The set of frequencies emitted by humpbacks includes the resonance frequencies of the swim bladders of herring, their favorite prey. Swim bladders are internal air sacs used to regulate buoyancy; they also amplify sound and act as a "hearing aid." The volume of a swim bladder diminishes in response to pressure. The swim bladders of 22 cm (9 in) long herring at a depth of 40 meters (130 ft) resonate at about 1600 Hz, the second highest G on a piano. It has been shown by the author and several other marine biophysicists that sound passing through schools of fish is preferentially absorbed at the resonance frequencies of the fish.

Figure 1 (Left): Illustration of two humpback whales participating in the herding and capture of a school of herring. The whale below the school herds the school toward the surface; the whale above the school blows a "bubble net," a cylindrical wall of bubbles, to trap the rising school. Fish are reluctant to swim through such "walls."

Figure 2 (Right): Illustration of acoustic shadows caused by schools of herring passing between two humpbacks vs. time. The humpbacks' "trumpet" sounds at frequencies between 400 Hz and 4000 Hz are preferentially absorbed at the resonance frequencies of 22 cm (9 in) long adult herring at 1600 Hz, and 11 cm (4.5 in) long juvenile herring at 3200 Hz. The "darkness" of the shadow at the resonance frequency is proportional to the number of fish in the school.

Resonance frequencies increase as the size of the fish decreases. For example, 11 cm (4.5 in) long juvenile herring at a depth of 40 meters resonate at about 3200 Hz, the highest G on a piano. It is well known that schools generally consist of fish belonging to the same species and size. Consequently absorption measurements at multiple frequencies could be used to discriminate between schools composed of adult and juvenile fish, and perhaps between species.

Figure 2 illustrates how sound is absorbed by a schools of 22 and 11 cm long herring (passing between the two whales) at the frequencies of the humpbacks' "trumpet sound." In the case of a school of 22 cm long herring (the first school), sounds at 400 Hz pass through the school without any discernable effect (creating no acoustic shadow); whereas the intensity of sounds at 1600 Hz is dramatically diminished (creating a dark acoustic shadow); the intensity at higher frequencies, e.g., 3200 Hz is slightly diminished (creating a slight acoustic shadow). In the case of a school of 11 cm long juvenile herring, the darkest acoustic shadow occurs at a higher frequency, 3200 Hz, due to the juveniles' smaller swim bladder.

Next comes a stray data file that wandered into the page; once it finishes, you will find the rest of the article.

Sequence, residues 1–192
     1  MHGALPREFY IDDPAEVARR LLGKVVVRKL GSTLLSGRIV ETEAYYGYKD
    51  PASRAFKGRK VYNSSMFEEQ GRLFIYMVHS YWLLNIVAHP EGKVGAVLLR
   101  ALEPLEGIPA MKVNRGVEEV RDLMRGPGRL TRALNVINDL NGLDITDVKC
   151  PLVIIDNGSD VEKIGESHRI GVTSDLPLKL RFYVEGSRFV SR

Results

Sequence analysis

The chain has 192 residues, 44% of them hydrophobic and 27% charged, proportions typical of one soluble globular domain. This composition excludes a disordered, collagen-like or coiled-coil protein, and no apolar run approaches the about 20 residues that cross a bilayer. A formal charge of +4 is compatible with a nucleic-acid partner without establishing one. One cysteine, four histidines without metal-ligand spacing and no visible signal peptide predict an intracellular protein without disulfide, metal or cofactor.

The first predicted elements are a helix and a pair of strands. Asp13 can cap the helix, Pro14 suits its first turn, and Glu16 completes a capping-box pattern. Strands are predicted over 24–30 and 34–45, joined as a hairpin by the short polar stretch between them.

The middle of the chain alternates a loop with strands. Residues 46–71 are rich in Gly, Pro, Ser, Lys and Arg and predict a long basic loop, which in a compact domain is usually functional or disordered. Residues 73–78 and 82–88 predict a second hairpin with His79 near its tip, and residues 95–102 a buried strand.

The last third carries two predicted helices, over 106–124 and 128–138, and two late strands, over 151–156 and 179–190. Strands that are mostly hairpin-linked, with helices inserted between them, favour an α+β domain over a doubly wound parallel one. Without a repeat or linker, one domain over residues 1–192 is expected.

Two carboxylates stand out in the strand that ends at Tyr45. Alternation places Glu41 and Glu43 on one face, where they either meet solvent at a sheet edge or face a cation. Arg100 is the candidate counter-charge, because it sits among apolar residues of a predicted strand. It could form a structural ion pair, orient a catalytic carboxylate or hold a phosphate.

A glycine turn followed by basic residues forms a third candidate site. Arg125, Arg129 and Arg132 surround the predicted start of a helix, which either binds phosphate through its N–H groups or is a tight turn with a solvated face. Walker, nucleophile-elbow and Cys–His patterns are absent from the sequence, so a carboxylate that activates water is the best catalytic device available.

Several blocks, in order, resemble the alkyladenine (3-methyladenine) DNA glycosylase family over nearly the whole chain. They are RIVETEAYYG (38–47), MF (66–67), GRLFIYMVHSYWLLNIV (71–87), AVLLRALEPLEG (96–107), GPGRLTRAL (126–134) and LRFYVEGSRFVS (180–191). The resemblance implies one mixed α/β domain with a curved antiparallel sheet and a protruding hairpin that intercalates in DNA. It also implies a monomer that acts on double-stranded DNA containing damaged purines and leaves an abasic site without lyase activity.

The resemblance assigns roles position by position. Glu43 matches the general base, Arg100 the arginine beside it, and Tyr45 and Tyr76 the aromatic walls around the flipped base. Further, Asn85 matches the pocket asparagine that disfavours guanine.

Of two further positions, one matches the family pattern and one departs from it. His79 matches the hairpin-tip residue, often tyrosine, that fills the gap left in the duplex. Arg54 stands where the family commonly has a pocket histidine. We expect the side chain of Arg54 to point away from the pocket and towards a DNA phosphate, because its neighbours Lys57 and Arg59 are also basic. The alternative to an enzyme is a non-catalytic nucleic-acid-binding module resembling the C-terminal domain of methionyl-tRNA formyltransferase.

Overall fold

The duration of these signals, 5 seconds, is too long to be used in an echo sounding system. The typical duration of signals emitted by commercial fisheries echo sounders is much shorter, typically about 0.01 seconds. Humpbacks also emit short duration, high frequency signals, which could be used for detection, but probably not for classification.

We know that humpbacks' predominant food in the Gulf of Alaska is herring. We know this from numerous examinations of the stomach contents of slaughtered humpbacks, which were made during the era when “whaling” of these magnificent creatures was legal. This evidence suggests that humpbacks are capable of discriminating between species. There are many species of fish in the Gulf of Alaska; consequently discrimination prior to "casting" of bubble nets would no doubt expedite the hunt.

It is noteworthy that humpbacks in the Gulf of Alaska employ bubble nets under conditions of high, low and no visibility. This observation, first noted by D’Vincent, is consistent with an acoustic method for discrimination. In summary, the experimental evidence and theoretical calculations to date support the hypothesis that humpback whales exploit fish resonances to detect and classify fish. So, the answer to the question posed in the title is: possibly yes.